Wellington Scoop

CentrePort seeking international experts to help “re-set” its future

BusinessDesk report by Tina Morrison
Wellington’s CentrePort is scouring the globe seeking international experts to help it plan its new future after suffering the biggest adverse event in its history when last November’s Kaikoura earthquake damaged many of its buildings beyond repair and brought its operations to a sudden halt.

Most of the port’s operations got back up and running quickly after the quake in a modified way, with the reinstatement of its ship-to-shore cranes last month a key milestone in getting back to more normal operations.

The company earmarked 12 buildings across the port for demolition. Some had already been tagged as earthquake-prone and others were badly damaged by the quake including the five-storey Statistics House, while its Customhouse building will be reoccupied. Still outstanding is a decision on the BNZ office building, which is three times the size of Statistics House and currently undergoing engineering assessments of the damage before a decision can be made on whether it is economic to repair it.

As the dust settles and CentrePort comes to the end of its initial assessment phase, evaluating which buildings will remain standing, which will be demolished and how to keep its business operating in the medium term, it is starting to turn its attention to the longer term future of the port.

It has set aside $63 million to invest in making the port more resilient, strengthening its ground and key wharves to be able to handle Kaikoura-type events in the future. It’s currently in talks with global port experts and is likely to bring on board consultants over the next few months as it looks to cherry pick the best ideas from around the world to help it reset its long-term plan for the future.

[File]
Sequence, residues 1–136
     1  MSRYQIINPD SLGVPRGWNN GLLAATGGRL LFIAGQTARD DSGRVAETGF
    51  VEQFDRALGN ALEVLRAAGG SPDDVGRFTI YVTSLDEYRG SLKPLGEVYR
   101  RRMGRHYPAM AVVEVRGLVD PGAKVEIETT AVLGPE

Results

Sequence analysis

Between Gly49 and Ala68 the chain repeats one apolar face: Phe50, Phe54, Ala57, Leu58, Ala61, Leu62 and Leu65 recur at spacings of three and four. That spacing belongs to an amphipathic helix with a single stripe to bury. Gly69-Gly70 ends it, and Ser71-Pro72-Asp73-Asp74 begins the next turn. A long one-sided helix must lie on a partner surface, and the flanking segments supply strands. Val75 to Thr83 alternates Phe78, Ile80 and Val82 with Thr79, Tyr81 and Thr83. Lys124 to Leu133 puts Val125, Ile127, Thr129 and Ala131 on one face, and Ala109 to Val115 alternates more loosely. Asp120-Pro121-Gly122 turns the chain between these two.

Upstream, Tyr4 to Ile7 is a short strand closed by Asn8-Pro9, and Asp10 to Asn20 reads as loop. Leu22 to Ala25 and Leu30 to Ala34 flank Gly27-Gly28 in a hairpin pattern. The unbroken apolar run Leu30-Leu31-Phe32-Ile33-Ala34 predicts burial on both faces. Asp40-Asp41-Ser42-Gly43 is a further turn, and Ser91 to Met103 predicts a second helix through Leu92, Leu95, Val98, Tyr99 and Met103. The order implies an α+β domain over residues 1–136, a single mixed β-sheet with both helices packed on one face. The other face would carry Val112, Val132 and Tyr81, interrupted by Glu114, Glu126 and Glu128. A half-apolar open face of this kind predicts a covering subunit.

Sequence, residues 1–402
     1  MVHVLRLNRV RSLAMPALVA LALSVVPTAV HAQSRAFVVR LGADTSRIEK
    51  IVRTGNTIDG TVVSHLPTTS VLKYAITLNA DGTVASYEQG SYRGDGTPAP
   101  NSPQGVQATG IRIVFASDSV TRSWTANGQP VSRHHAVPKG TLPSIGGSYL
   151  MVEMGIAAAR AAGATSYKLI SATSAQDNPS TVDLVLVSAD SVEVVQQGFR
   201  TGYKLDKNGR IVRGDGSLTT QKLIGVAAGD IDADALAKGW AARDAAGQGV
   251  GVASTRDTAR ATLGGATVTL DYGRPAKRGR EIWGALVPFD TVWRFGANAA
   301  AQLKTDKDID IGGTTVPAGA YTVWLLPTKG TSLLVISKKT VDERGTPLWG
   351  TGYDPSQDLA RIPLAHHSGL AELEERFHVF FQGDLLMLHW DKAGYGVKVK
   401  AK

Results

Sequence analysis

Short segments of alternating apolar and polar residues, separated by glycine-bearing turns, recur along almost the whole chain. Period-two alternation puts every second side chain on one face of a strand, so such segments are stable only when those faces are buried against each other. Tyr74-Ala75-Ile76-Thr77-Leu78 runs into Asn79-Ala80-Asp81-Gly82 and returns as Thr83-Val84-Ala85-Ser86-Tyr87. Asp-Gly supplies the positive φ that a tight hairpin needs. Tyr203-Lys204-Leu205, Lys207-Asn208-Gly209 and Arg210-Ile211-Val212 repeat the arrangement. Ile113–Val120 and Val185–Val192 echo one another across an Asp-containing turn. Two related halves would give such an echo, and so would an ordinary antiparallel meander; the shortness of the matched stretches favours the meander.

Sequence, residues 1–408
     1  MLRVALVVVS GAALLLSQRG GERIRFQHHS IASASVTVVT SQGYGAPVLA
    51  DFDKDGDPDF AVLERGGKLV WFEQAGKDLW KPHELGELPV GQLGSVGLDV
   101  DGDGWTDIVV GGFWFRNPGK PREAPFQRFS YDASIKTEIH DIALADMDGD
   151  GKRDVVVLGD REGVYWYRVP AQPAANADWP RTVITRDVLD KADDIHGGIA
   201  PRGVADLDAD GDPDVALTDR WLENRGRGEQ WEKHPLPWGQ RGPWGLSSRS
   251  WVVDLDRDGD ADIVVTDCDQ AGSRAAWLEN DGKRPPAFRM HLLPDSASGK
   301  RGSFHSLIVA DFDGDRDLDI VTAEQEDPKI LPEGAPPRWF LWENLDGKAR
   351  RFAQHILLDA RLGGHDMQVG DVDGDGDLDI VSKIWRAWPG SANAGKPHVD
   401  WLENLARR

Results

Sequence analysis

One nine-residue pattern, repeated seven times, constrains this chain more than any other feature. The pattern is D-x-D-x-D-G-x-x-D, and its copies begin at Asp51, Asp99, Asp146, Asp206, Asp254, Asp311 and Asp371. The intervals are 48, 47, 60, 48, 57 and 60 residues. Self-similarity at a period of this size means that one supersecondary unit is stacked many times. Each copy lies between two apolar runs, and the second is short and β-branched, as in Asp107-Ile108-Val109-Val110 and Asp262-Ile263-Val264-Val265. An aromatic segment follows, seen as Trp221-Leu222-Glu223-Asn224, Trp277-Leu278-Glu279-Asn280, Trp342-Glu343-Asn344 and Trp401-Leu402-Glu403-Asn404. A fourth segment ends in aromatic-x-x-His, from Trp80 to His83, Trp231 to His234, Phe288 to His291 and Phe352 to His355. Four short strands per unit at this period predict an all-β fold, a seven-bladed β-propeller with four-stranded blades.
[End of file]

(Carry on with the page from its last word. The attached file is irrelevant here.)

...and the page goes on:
“We try not to talk about rebuild – we talk about regeneration,” said chief executive Derek Nind. “There’s not very much happening at the port the way it was (before the quake) and it probably never will be. If we go to rebuild, we will get what we had, which was 20th Century assets and 20th Century thinking – we need 21st Century assets for the next 50-to-100 years and we need to regenerate the port.

“We need to bring the best people in the world to Wellington to help us with that and to have the best outcome we can. Ports have evolved and now we have got an opportunity to plan and get it right. We have got to really plan and think this through because you get one crack at it so we are really conscious of it.”

Chair Lachie Johnstone said the company will be undertaking a fulsome review, looking at what it is doing, how much land it needs for the port, and whether it will continue to operate its commercial property portfolio.

“Out of any challenge sometimes comes opportunity, and we have got an opportunity to reset because of the significance of the earthquake,” Johnstone said. “This is a once in a lifetime opportunity to reset so we shouldn’t waste it.”



  1. Mark Shanks, 16. October 2017, 7:43

    The opportunity here is to completely forget about any plans to dredge up milions of cubic metres of sea floor to allow supercontainer ships into Wellington harbour. It’s now time to rationalise port facilities in NZ and let Wellington develop its port for people not product.

  2. Pat, 16. October 2017, 14:38

    The earthquake is being used as an excuse for illegitimate ventures. Engineers are now doing data simulations (the job of geologists and we all know geologists with all the data still can’t predict earthquakes).
    Engineers can’t say with any accuracy they can predict that the material of the building will withstand earthquake waves at different strengths, locations and depths. Engineers without training on seismology and earthquake engineering are not geotechnical engineers.